Health campaigners said the Government "must try harder" to curb the "devastating all-time high" of childhood obesity figures, a year after it launched a landmark plan to tackle the crisis.
Public Health England (PHE) said "real progress has been made" on reducing sugar levels in food items in the 12 months since the introduction of the childhood obesity plan, but leading officials said a "much more robust" strategy was needed to ensure targets are met.
The comments come days after figures showed that more than 600 children and young people under 25 were treated for type 2 diabetes in 2015/16 - nearly 80% of whom were obese.
PHE said that it would now be focusing on the reduction of excess calories in a range of products in conjunction with the implementation of the soft drinks industry levy, which will come into force in April 2018.
The levy, or sugar tax, will create an additional charge for drinks manufacturers whose products exceed around 5% sugar content.
But the Obesity Health Alliance (OHA), a coalition of more than 40 leading health charities, medical colleges and campaign groups, said that "despite some good progress", its assessment of the plan was: "Must try harder."
It warned that the guidelines should be extended to include saturated fats, along with measures to reduce the impact of junk food marketing where children were the target audience.
OHA alliance lead Caroline Cerny said: "Good progress has been made over the last year with strong measures to reduce sugar from foods and drink and we look forward to seeing ambitious targets for industry to make the food we eat less calorific.
"However, we can't ignore the fact that the food industry continues to get away with bombarding children with adverts that we know encourage unhealthy food choices.
"The existing regulations are full of loopholes and don't reflect the way children watch TV or online content. Failing to tackle this area is significantly undermining the impact of the childhood obesity plan.
She added: "After one year, it is scraping along with a C grade, rather than topping the class with an A star."
OHA steering group member and professor of endocrinology at the University of Oxford, John Wass, also warned that the proposals did not go far enough.
He said: "2016 marked the launch of the Government's first comprehensive childhood obesity plan. But 2016 was also the year childhood obesity rose to a new, ferocious high."
"The Government pitched this obesity plan as the start of the conversation. We agree this is just the start. The stronger elements of the plan are progressing well, but these alone are not enough.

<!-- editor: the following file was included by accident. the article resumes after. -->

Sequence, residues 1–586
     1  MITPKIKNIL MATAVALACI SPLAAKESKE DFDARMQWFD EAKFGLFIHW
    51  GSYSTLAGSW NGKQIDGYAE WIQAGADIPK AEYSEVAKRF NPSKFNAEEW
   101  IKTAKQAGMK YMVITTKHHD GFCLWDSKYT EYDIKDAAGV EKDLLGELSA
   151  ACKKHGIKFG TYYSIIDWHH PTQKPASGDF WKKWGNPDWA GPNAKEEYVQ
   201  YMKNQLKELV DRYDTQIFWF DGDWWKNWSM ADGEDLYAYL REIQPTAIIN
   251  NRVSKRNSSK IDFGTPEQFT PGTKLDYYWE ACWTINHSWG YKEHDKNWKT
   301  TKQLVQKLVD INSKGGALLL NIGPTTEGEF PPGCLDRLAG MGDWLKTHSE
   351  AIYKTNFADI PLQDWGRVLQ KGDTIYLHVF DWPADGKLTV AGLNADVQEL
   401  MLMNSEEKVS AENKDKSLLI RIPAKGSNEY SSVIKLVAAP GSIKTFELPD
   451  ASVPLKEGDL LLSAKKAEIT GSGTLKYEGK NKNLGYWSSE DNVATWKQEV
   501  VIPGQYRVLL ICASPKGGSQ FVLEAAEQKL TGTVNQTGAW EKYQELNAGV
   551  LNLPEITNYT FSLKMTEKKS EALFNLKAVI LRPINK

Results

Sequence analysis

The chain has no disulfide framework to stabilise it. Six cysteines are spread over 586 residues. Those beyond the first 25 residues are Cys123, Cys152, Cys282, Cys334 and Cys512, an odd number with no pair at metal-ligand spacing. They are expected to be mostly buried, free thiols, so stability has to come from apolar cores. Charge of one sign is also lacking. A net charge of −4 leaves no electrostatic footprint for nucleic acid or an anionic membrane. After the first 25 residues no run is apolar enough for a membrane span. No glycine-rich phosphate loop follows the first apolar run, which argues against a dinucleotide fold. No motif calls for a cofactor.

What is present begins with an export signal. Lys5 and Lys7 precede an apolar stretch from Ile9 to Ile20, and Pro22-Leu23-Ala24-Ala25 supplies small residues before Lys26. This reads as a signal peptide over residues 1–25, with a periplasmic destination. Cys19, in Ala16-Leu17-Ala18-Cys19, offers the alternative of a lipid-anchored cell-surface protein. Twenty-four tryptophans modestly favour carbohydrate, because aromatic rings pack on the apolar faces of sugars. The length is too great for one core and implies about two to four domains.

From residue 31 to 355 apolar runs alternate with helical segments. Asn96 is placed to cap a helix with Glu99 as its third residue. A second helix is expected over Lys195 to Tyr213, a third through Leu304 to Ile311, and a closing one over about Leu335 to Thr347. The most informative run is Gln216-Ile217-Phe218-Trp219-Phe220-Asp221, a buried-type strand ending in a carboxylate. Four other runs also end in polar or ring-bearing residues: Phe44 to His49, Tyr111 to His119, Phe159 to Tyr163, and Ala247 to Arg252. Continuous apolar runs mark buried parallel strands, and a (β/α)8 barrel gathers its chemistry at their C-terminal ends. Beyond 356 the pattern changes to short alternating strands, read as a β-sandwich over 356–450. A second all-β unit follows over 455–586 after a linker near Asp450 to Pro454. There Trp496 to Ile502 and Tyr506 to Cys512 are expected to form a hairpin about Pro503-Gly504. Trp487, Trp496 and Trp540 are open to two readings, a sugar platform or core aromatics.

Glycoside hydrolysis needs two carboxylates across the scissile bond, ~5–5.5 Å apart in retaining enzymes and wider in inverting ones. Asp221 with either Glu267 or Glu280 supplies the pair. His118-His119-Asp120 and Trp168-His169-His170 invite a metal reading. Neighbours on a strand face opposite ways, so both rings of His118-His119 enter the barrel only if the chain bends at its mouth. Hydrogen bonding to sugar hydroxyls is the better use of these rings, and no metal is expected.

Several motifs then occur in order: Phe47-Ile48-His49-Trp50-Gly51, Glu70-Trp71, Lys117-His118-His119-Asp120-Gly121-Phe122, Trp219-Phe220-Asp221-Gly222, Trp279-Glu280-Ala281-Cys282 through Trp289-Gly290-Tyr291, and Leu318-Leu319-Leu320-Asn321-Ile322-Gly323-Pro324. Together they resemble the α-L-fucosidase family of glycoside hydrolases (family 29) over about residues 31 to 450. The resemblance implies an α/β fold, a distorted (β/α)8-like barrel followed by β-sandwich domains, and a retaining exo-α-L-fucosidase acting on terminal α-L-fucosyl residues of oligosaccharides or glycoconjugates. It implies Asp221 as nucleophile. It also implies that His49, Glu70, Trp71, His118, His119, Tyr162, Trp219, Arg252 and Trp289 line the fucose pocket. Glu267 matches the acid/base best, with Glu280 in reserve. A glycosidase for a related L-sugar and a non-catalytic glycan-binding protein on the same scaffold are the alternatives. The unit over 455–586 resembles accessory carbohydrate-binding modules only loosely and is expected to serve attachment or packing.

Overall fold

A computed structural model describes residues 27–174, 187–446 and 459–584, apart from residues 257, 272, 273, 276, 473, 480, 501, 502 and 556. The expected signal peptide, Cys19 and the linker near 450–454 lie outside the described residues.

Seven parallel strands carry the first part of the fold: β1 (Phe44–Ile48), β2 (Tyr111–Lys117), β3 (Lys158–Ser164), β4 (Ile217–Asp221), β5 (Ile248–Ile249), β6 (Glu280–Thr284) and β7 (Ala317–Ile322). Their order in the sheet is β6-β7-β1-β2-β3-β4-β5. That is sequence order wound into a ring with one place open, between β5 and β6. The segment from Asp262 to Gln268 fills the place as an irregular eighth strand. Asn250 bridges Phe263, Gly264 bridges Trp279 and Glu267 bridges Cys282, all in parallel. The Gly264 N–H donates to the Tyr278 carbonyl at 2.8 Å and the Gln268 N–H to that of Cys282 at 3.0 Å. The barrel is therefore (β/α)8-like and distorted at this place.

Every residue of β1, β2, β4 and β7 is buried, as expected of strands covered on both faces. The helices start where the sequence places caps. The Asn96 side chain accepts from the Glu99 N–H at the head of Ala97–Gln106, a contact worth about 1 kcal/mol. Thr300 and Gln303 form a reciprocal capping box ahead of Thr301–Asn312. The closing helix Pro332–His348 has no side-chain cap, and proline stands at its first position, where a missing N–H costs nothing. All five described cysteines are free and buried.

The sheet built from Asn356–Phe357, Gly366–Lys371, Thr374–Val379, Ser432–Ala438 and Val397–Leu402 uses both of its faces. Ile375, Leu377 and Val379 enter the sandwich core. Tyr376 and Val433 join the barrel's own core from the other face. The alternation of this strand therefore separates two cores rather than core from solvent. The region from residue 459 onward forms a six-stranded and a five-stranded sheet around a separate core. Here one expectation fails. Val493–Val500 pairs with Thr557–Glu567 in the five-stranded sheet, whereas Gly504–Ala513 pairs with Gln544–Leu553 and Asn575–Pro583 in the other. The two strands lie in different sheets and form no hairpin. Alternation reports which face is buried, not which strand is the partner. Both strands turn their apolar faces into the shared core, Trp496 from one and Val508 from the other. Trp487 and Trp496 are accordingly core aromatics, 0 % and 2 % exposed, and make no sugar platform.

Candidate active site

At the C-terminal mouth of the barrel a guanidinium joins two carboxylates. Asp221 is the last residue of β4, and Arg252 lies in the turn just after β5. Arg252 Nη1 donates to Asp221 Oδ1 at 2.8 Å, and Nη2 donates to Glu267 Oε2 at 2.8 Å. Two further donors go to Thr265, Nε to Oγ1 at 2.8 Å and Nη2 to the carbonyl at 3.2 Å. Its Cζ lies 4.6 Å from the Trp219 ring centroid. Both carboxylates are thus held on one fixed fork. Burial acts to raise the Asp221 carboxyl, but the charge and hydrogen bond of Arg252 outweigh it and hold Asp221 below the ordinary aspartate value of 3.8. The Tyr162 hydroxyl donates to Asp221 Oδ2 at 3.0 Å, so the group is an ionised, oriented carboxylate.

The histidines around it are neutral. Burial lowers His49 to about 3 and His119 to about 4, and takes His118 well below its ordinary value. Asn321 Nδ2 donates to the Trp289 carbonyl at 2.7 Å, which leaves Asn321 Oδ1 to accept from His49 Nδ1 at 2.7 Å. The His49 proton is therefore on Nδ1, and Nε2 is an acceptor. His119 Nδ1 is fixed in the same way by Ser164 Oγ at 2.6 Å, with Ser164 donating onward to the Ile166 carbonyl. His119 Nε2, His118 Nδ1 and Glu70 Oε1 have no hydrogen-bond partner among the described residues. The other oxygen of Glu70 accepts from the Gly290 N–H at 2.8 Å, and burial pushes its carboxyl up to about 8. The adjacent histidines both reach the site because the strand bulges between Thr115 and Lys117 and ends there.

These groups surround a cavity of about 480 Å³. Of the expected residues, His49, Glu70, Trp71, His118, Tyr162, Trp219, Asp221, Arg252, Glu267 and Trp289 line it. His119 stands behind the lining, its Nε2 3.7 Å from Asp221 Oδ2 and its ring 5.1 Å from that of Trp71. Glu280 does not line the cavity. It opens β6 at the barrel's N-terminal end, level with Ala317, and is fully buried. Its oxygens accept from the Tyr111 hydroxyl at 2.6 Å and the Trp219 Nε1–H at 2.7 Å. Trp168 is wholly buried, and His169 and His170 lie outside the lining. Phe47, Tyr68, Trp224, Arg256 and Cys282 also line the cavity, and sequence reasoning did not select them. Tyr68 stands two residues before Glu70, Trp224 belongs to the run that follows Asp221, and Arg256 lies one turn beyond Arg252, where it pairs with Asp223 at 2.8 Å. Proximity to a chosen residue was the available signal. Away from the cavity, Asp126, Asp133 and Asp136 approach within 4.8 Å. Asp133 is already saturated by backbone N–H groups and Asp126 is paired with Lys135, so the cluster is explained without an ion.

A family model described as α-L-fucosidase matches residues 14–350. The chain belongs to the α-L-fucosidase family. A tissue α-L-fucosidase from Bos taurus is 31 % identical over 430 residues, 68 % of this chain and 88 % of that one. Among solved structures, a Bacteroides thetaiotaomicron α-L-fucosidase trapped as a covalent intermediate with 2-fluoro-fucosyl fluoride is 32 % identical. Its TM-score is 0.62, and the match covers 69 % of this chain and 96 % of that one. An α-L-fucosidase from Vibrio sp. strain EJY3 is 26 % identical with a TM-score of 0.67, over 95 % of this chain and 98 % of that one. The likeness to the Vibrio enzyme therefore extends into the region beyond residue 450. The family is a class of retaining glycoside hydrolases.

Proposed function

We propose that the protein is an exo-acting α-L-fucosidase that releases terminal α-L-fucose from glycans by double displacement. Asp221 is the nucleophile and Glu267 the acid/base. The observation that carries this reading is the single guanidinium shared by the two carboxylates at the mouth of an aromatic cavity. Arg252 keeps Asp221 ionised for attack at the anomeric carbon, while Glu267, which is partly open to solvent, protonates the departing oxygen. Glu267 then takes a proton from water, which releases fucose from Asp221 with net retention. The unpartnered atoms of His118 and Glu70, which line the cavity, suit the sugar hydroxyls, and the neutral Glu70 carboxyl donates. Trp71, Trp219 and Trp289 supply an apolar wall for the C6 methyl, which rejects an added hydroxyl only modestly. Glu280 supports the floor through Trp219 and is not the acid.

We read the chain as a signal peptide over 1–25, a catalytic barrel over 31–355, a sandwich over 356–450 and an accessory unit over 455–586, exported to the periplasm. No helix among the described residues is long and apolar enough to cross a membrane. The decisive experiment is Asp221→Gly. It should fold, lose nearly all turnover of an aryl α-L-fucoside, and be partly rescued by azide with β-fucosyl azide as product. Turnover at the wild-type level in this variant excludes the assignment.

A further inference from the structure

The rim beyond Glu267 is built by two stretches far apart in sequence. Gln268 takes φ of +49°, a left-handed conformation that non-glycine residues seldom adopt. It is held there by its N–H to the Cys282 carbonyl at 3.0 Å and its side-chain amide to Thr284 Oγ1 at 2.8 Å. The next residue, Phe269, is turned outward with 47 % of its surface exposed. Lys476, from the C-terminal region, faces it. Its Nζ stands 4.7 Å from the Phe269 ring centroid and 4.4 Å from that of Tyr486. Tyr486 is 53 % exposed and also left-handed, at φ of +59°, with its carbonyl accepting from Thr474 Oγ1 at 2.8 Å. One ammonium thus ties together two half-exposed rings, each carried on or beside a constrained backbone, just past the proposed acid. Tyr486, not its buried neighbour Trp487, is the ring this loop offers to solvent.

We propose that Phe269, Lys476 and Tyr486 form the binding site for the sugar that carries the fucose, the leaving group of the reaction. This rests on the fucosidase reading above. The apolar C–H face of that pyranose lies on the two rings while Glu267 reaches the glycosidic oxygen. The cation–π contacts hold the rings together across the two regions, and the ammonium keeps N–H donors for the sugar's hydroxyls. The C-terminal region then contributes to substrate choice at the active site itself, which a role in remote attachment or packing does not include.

"We now urgently need to resume that conversation, to give us the best chance of protecting our children's future health."
Graham MacGregor, professor of cardiovascular medicine at Queen Mary University of London, and chairman of campaign group Action On Sugar, said: "We need a much more robust plan with enforcement of the sugar and calorie reduction targets, at the same time, the sugar-sweetened soft drinks levy needs to be extended to confectionery, the second biggest contributor of energy intakes in children.
"We must also have watertight restrictions on marketing unhealthy foods to children, with uniform front of pack labelling.
"Without the above, our children will continue to become obese and die prematurely from type 2 diabetes, heart disease, strokes and cancer."
Mr MacGregor also criticised Theresa May for having "watered down" the childhood obesity plan "for entirely political reasons" since its inception by David Cameron's government.
PHE said it will now undertake a period of detailed consultation with leading foods and drinks businesses to formulate a plan that would best enable them to reach the target 20% sugar reduction in key foods by 2020.
Chief executive of PHE Duncan Selbie said: "A third of children leave primary school overweight or obese and an excess of calories - not just excess sugar consumption - is the root cause of this.
"We will work with the food companies and retailers to tackle this as the next critical step in combating our childhood obesity problem."